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You might have seen Spring Tools’ pull-and-strike center punches or nail sets, but interestingly they also make pull-and-strike wood chisels. Like their other tools, varying the distance you pull back the spring varies the amount of striking force delivered to the tool — up to 3500PSI.

Here in the USA, Spring Tools manufacturers the wood chisels from high-grade tool steel and hardens them to keep their edge. They sell four different chisels including a 5/16″ square face chisel, a 1/4″ sweep gauge chisel, a 90° 3/16″ V-parting chisel, and a 5/16″ sweep gouge. They guarantee all four of the chisels for life.

Individually each chisel runs $11, or you can drop $40 for the 4-piece set with a plastic storage case. The prices are listed before shipping costs.

Wood Chisels [Spring Tools]
Wood Chisel Set [Hartville Tool]
Via Amazon [What’s This?]

 

6 Responses to Spring Driven Wood Chisels

  1. blitzcat says:

    And they pinch like an Epilator?

  2. Chris W says:

    3500 psi? Measured how? For how long?
    The contact area between a sharp blade and a flat surface would be even higher. The contact area between the striking and struck surface doesn’t really matter.

  3. The 3500 PSI comes from their general page about Spring Tools:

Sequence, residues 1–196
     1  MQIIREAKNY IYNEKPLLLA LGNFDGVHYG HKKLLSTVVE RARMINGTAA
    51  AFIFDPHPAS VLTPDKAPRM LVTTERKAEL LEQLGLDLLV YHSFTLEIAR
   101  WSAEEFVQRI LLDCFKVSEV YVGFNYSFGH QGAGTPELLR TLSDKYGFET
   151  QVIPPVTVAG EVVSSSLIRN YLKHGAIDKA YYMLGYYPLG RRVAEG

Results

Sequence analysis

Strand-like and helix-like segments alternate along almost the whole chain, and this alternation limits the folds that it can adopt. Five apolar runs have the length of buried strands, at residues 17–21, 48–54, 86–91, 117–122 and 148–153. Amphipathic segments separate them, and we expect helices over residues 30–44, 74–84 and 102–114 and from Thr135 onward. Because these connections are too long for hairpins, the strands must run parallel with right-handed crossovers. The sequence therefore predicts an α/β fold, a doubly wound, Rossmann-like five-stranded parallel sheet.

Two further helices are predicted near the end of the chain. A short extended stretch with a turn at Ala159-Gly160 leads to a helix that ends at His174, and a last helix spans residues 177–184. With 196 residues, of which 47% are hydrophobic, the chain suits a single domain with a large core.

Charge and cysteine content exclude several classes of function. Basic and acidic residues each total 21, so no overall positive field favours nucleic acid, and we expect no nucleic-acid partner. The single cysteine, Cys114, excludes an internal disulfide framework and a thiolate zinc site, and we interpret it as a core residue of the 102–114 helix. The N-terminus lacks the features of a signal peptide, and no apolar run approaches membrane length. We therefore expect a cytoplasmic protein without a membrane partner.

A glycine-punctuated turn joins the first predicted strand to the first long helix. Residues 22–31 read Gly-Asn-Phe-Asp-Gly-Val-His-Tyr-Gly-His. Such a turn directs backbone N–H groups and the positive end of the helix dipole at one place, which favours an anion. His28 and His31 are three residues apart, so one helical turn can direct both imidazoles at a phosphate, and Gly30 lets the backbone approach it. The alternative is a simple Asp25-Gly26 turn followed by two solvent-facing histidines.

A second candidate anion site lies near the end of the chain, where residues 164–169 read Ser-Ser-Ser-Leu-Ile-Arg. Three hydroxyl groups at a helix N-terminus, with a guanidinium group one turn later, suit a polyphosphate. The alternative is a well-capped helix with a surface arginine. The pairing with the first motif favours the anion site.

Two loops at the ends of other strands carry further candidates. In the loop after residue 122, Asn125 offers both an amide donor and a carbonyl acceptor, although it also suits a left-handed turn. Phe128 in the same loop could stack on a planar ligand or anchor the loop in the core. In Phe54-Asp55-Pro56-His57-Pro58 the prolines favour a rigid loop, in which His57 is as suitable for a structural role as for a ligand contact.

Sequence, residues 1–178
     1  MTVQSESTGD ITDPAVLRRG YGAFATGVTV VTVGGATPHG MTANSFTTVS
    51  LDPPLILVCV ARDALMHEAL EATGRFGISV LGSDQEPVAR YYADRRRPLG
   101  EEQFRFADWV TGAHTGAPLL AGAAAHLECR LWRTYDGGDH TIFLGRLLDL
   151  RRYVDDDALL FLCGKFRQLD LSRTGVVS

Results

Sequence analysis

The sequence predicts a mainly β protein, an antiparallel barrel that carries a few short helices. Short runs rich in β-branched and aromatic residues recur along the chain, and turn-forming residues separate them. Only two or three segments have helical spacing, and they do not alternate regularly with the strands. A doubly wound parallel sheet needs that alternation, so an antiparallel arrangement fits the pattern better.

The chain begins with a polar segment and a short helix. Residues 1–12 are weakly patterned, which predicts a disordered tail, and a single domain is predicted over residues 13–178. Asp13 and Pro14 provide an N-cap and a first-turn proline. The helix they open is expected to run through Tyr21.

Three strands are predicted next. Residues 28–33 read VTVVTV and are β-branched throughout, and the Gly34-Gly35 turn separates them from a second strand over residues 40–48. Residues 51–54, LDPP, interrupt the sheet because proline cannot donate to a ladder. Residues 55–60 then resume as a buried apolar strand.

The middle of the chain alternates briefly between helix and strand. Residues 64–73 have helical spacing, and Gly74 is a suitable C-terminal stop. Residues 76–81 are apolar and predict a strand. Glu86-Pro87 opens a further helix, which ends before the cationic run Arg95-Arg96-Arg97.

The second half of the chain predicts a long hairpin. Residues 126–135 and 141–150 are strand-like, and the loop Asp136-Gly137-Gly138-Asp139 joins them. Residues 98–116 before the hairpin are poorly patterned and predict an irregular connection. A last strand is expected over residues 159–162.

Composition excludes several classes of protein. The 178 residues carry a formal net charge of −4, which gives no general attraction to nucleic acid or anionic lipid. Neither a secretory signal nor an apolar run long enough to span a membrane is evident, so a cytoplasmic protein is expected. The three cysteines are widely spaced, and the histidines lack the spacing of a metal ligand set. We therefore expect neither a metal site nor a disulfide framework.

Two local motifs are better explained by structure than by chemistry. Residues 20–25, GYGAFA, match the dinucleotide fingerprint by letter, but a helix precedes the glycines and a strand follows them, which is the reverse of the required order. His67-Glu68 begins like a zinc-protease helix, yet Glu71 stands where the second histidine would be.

http://www.springtools.com/designandfunction.shtml

    The measurement is better suited for something like their nail set — They do not have any data on the force the chisels can produce, if they did it would have to be under very controlled circumstances.

    If you tool a sharp blade vertically against a non deforming surface the sharp blade would have very little contact area. The contact area goes up immensely as the blade enters a material like wood because if the wood is now touching the sides of the chisel too. Using the chisel at a low angle, you start off with a higher contact area still.

  4. Jaxx says:

    How can these NOT hurt your hands after prolonged use, unless they have a stupidly light pull. Even so the friction on your fingers pulling them back for every tiny chip is going to give you raw hands.

  5. NickC says:

    I agree with Jaxx. It seems like a trigger pull would work a lot better.
    It also seems like this would only be useful in tight places, other then that why wouldn’t you just use a normal mallet and chisel.

  6. Gary says:

    Why not just use a regular ol’ sharp chisel and a mallet? And a gouge would be sharp enough that you could just push it through the wood without too much effort. Any time I see things like this I wonder if they’re targetting people that are using dull tools.

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